In Arizona, after multiple turns on multiple dirt roads, eventually ending on a rocky two-track that was a little too narrow for our rig, we popped out at an almost perfectly level campsite surrounded by a natural cactus garden with commanding views of the legendary Superstition Mountains. We may not have found the Lost Dutchman’s treasure, but waking up to the sound of coyotes yipping and saguaro soldiers bathed in golden sunlight was a treasure in and of itself.

It’s easy to romanticize dirt-road adventures, sharing only stories about colorful sunsets and spectacular views, but for every win there are at least half a dozen failures. Not in the tragic sense, thankfully—more like driving for hours and finding no views, no photogenic campsites and no interesting wildlife; or just a long drive after a long day when you’re already tired, hungry, and perhaps even grumpy. This is when dinner is skipped and arguments come easy.

That Montana campsite surrounded by wildflowers? Before we found it, we drove through a forest-fire burn scar on an endless and muddly road that got worse the higher we climbed. Shortly after crossing a cattle guard, our truck began slowly sliding toward a drop-off in mud as slick as ice. Luckily, the tires found just enough traction to halt our slide, and we very carefully turned around, absolutely defeated.

In California’s remote White Mountains, while we were searching for a bristlecone to photograph at sunset, a sharp rock sliced through an expensive allterrain tire. After making roadside repairs in falling darkness, and exhausted from our day of hiking and tire changing, we crawled into a makeshift bed under the camper shell. We spent the night shivering under sleeping bags designed for much warmer weather.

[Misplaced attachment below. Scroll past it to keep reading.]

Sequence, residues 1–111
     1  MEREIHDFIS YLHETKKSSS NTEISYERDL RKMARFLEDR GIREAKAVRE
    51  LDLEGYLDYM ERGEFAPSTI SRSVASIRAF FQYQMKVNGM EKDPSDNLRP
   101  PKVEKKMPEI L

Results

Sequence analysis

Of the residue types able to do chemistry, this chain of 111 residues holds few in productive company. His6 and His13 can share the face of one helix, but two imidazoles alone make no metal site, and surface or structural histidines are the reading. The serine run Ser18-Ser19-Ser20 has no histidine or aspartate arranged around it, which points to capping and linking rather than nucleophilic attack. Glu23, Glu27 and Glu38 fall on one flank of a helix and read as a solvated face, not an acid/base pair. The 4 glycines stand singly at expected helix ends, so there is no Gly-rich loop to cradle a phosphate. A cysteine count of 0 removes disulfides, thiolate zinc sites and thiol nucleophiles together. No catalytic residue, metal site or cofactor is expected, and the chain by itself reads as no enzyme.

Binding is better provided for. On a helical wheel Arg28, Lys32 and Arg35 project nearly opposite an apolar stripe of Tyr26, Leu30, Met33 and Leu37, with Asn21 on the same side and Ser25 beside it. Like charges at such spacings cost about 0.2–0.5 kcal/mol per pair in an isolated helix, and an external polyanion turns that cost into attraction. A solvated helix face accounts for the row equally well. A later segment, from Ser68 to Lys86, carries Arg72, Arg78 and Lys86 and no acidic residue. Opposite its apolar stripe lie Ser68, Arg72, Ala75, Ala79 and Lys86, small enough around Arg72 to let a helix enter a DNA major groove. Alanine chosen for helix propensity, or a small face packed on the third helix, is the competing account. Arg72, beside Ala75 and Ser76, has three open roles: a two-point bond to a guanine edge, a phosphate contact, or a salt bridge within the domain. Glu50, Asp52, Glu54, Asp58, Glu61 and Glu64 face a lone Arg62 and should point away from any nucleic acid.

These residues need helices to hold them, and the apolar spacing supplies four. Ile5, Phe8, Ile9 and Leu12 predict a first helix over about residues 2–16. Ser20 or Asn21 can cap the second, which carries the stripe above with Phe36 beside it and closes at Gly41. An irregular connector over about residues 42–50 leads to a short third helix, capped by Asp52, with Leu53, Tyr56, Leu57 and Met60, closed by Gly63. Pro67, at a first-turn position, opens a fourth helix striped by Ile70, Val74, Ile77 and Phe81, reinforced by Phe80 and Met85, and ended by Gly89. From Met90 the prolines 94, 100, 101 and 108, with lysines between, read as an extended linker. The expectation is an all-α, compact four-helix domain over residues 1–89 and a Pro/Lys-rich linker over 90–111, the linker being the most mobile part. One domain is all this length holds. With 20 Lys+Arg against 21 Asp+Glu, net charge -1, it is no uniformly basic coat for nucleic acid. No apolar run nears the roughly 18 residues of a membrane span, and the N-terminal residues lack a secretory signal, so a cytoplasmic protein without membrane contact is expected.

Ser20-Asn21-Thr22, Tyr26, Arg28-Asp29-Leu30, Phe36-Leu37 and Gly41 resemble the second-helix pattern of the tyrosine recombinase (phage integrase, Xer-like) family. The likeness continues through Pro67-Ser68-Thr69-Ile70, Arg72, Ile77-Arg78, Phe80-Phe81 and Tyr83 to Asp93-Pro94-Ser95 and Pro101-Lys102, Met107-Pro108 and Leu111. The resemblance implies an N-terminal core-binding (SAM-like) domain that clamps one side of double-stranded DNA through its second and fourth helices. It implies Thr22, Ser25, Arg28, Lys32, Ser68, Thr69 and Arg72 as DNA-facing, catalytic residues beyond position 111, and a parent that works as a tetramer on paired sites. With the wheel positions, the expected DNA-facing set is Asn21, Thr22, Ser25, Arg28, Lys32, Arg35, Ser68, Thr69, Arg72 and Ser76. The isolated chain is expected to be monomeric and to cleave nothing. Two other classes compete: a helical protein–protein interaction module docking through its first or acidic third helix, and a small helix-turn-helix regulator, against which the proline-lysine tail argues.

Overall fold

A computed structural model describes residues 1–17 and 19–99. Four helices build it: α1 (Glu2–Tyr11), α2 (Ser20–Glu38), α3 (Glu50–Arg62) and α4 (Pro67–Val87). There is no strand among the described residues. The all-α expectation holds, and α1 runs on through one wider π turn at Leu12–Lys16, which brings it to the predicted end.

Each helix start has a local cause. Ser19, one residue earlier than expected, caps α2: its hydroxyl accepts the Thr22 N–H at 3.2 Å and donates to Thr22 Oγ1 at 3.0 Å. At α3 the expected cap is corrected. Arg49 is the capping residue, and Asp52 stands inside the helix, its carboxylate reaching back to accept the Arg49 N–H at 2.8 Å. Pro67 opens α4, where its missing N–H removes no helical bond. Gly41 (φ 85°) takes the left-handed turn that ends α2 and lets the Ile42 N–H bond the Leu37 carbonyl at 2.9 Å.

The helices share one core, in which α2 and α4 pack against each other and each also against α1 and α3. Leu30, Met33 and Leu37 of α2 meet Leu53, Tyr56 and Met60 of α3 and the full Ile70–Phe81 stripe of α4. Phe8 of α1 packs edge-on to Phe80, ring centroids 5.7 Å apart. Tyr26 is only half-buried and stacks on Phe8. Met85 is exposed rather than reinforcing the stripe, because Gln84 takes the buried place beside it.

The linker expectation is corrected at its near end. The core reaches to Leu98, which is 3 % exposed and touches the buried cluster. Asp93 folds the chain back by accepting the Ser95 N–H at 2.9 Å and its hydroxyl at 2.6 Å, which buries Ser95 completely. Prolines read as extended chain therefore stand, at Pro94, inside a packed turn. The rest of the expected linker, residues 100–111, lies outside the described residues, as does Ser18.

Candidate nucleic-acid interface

And one night, on the Oregon Coast, we were determined to find a logging road climbing up into the Coast Range that would deliver us to a campsite with unmatched views of the Pacific. Multiple dead ends and one raging argument later, we parked our truck on the side of a highway just outside of Pacific City. It was a restless night listening to vehicles zipping by just a few feet from our truck, and wondering when the occupant of the house next door would knock and demand that we leave.

Occasionally, wisdom comes from the strangest of places. In his song “Many Men,” 50 Cent raps, “Sunny days wouldn’t be special, if it wasn’t for rain. Joy wouldn’t feel so good, if it wasn’t for pain.” If every random dirt road ended at a gorgeous campsite, would they have the same appeal? If we were guaranteed not to blow a tire, spend the night on the side of the road, or have marmots terrorize the wires and hoses on our motor, would it still be exciting to kick up a dirt cloud behind us? I’ll bet it wouldn’t; we’d look at dirt roads completely differently, without a sense of wonder.

Whatever it is we’re looking for, it’s out there on a random dirt road. And if we drive enough of them, some day we might just find it.

Bret Edge is a professional adventure and nature photographer/writer in Moab, Utah. He and his family travel throughout the West in their off-road camper—affectionately named the FunHawg—usually in search of rad trails to hike and mountain bike. Find him at, or on Instagram @bretedge.